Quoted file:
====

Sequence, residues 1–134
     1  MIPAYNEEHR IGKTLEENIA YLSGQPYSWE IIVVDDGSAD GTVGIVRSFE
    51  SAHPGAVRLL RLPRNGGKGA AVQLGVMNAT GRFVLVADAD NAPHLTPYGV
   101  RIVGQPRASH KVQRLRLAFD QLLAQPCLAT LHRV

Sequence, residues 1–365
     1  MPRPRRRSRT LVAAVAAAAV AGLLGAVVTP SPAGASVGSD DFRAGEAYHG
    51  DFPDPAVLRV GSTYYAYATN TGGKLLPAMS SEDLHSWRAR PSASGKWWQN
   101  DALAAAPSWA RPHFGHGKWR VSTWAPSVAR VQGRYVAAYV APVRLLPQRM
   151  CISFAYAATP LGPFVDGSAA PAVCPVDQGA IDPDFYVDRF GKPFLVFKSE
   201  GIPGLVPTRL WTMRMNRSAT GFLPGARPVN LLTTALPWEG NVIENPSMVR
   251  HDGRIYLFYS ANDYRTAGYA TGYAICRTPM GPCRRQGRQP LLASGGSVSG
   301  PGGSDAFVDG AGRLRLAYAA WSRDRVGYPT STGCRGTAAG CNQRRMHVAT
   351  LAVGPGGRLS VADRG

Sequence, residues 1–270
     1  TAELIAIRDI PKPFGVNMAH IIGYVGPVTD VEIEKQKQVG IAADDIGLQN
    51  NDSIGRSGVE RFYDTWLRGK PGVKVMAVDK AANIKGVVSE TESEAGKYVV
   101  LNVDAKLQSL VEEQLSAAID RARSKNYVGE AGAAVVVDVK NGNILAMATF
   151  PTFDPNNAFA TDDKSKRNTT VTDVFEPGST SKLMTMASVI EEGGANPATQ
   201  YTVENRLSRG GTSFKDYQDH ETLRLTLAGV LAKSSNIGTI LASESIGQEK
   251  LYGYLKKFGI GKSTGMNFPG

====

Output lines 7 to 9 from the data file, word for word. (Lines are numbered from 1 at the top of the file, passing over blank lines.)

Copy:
    51  DFPDPAVLRV GSTYYAYATN TGGKLLPAMS SEDLHSWRAR PSASGKWWQN
   101  DALAAAPSWA RPHFGHGKWR VSTWAPSVAR VQGRYVAAYV APVRLLPQRM
   151  CISFAYAATP LGPFVDGSAA PAVCPVDQGA IDPDFYVDRF GKPFLVFKSE